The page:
Provide a secure service by accurately identifying users. Includes guidance on:
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Few short observations about doing two factor authentication (I was writing this down for someone anyway so thought I might as well put it here).
By text message
Front-load the code in the text message
Call it a ‘security code’
This is friendlier than ‘2FA’ or ‘two factor’. I think Verify use this wording this as well.
Question how long the code needs to be
6 digits seems to be standard for authenticator apps. 4 or 5 feels way easier to transpose from one place to another. Anecdotally people with dyslexia find long codes troublesome.
If using email for quasi-two-factor authentication make it a tokenised link, not a code that people have to copy/paste.
@quis we followed your guidance for authentication by email. We send the user a token link that expires in 24 hours. If they click on the link, they get access to our form and then we destroy the token. However, some users are having problems. Our users work in organisation. These organisations have security policies or infrastructure that we don't have control over. When the users click on the link, the website says something along the lines of "this link has been already used or it's invalid please make a new request".
If the user copy and paste the link instead of clicking it then it actually works
We are considering the following options:
We'd be interested in your advice or anyone else's
@sulthan-ahmed we have seen the same problem occasionally, but haven’t got round to fixing it yet. There’s a story in our backlog here: https://www.pivotaltracker.com/story/show/158630655
If it’s one particular organisation you’re dealing with maybe you can get their IT team to turn this behaviour off?
Super stuff @quis thanks for the rapid response. Ahh useful to know the background
Also we never thought of the solutions you suggested. That's very helpful. Question what do you mean by the last two bullets
The user has to click a button on the page they get from the email link
This would change the flow from:
On GOV.UK Notify we recently came across this problem and came up with a solution so thought I'd share.
For people that sign in with username and password and use text message 2fa (often with a personal phone number), there’s no way for us to know if they still have access to their inbox. This means people can leave an organisation, have their email account closed, but if the team doesn’t remove them from the Notify account, they’ll still have access forever. That’s not good.
So we should periodically send people that use text message 2fa an email, so that we can confirm the email account is still valid and they have access. It’s not foolproof, but it’s a good backup measure.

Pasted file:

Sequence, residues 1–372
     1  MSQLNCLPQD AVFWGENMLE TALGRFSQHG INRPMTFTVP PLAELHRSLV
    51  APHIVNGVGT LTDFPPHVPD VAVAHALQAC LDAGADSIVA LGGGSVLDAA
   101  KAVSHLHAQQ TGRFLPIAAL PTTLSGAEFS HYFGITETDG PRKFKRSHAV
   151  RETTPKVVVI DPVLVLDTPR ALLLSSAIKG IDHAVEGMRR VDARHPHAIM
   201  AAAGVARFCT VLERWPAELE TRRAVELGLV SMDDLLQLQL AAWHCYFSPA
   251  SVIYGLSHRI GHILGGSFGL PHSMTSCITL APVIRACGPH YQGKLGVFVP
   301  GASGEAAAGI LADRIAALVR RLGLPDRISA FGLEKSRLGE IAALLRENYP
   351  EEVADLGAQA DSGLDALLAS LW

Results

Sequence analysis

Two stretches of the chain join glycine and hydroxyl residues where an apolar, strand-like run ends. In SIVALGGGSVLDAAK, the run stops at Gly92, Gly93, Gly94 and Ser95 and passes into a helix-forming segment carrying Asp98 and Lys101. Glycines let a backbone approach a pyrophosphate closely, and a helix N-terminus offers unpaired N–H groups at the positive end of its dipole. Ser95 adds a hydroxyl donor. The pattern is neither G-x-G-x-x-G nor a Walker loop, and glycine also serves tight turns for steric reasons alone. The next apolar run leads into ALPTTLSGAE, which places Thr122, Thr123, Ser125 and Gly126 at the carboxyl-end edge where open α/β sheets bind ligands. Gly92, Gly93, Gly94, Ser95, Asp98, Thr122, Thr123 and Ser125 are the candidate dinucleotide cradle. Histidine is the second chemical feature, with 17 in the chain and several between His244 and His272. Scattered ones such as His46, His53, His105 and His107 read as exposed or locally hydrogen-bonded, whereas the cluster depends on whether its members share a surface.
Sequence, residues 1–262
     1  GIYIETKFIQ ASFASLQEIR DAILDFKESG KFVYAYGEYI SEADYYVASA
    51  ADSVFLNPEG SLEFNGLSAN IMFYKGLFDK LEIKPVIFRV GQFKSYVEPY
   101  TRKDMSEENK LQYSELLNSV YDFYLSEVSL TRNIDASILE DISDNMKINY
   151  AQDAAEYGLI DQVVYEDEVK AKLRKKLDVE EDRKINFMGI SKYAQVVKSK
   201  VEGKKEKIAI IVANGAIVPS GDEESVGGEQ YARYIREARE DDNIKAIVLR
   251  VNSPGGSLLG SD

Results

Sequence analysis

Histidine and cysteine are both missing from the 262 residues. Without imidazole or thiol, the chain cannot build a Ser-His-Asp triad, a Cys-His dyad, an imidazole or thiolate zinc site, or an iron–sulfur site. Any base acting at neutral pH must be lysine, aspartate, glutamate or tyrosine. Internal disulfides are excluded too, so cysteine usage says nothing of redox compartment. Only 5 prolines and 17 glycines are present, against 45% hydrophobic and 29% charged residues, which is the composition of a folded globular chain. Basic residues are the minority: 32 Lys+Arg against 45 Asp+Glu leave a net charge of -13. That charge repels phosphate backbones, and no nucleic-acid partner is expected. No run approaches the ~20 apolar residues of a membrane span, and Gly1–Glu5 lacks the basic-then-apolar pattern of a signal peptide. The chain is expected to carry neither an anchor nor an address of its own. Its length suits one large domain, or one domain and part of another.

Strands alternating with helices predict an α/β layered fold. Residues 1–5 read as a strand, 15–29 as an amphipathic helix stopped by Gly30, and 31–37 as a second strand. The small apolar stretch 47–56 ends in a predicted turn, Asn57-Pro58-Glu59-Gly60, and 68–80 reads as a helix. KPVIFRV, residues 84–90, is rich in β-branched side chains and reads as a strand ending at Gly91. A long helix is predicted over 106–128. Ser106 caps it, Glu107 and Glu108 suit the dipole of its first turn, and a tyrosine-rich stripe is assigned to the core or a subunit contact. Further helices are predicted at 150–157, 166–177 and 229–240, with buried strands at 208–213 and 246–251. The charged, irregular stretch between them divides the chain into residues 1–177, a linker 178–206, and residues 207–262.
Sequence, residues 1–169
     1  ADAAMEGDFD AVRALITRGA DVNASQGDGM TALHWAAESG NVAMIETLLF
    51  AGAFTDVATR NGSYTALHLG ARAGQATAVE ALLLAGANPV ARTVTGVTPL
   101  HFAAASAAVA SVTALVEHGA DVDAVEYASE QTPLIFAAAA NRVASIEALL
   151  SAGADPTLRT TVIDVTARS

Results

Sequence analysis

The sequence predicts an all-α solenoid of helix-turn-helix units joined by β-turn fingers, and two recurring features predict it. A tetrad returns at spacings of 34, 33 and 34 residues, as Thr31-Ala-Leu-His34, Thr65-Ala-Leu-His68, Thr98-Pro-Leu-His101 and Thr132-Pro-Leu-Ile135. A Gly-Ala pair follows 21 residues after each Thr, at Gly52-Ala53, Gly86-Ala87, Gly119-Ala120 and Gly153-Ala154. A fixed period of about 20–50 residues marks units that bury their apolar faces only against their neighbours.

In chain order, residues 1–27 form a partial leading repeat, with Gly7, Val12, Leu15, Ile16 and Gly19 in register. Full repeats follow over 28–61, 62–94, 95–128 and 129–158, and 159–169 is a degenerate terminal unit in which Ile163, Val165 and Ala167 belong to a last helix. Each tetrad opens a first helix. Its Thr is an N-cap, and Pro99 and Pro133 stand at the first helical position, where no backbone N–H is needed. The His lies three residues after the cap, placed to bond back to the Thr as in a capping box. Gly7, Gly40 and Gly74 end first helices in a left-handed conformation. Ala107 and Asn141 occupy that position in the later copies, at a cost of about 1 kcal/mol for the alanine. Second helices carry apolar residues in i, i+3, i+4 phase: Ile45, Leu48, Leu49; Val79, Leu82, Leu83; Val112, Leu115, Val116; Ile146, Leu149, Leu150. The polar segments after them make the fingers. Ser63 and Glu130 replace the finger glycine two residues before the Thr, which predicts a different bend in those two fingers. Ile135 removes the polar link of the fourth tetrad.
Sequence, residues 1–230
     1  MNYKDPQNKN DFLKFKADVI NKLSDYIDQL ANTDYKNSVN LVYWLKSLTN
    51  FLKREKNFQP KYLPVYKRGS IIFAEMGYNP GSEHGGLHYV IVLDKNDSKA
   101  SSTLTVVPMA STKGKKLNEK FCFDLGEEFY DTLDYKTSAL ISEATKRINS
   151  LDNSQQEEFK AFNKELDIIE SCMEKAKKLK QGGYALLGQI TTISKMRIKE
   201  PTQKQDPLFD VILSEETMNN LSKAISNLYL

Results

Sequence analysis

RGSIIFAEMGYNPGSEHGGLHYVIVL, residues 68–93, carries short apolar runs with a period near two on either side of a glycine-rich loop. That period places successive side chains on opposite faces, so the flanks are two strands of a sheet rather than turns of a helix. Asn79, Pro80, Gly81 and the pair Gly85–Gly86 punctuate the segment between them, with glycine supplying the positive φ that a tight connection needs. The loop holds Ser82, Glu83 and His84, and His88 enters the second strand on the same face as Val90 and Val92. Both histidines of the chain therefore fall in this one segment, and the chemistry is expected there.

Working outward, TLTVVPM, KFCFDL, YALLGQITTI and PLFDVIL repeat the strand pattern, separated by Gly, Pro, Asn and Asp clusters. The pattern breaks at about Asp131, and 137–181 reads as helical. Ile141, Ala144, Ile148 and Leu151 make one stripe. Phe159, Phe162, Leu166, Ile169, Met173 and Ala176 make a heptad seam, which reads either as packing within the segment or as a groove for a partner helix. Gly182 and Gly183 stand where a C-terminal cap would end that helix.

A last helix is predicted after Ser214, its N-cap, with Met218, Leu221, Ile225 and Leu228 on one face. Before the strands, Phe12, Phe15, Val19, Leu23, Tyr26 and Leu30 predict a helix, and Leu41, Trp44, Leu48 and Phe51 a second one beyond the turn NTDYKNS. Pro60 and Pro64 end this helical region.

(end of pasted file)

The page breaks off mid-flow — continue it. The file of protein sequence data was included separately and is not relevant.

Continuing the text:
When someone is logging in and they:
are on text message 2fa AND
‘validated’ includes password changed at (which is also updated when you first create your account) and these re-validations - so we’ll need to store a date of last validation against a user and bump it each time either of these events happens.
Then we show them an explanatory screen and send them a re-validation email after they enter the text message 2fa code.
Until they click the token in the email, they can’t do anything. They could log on again to trigger another re-validation email (not locked out or anything).
Posting this on behalf of a user:
It would be good to know if other teams have been advised to do this by their security or IT teams.
It's a common issue that gets brought up. It does seem to go against this guidance: https://www.ncsc.gov.uk/blog-post/let-them-paste-passwords
And I'm pretty sure most password managers in browsers or addons just ignore it anyway.
From Firefox's docs
I can see that discussion from hmrc/design-patterns#117 was moved here, but I don't see any progress.
I am stucked getting the
How long should a 2fa code be valid for before it expires. Here I am thinking about the case of a user requesting a code on a web page and then receiving that code on their mobile (which may be a separate device) and then needing to enter that code into the web page and click submit before their code has been considered expired.
2fa SMS codes are currently valid for 30 minutes on GOV.UK Notify.
We sometimes get people advocating for shorter time, as low as say 60 seconds, likely for the reasons of 'security'.
I believe the accessibility regulations would require us to take an estimate of how long a user without accessibility needs may need to do the task and then times that number by 10 to give extra time to those with accessibility needs.
At a finger in the air estimate, a user without accessibility needs after receiving the code may need as much as 30-60 seconds to locate the code, enter the code and click submit, meaning that we would likely suggest a minimum of 5-10 minutes. This doesn't take into account any time spent between the code being generated and it arriving on the users phone which will often be within a minute but could sometimes be longer.
The situation should also be considered if the code is sent via a different channel such as email (my hypothesis is that you need slightly longer to navigate and log in to your email account then you would to get to your text messages).
The minimum amount of time a code should be valid for may differ dependant on the service but if any guidance/pattersn are produced on this, I would like to see a minimum and/or suggested time validity :)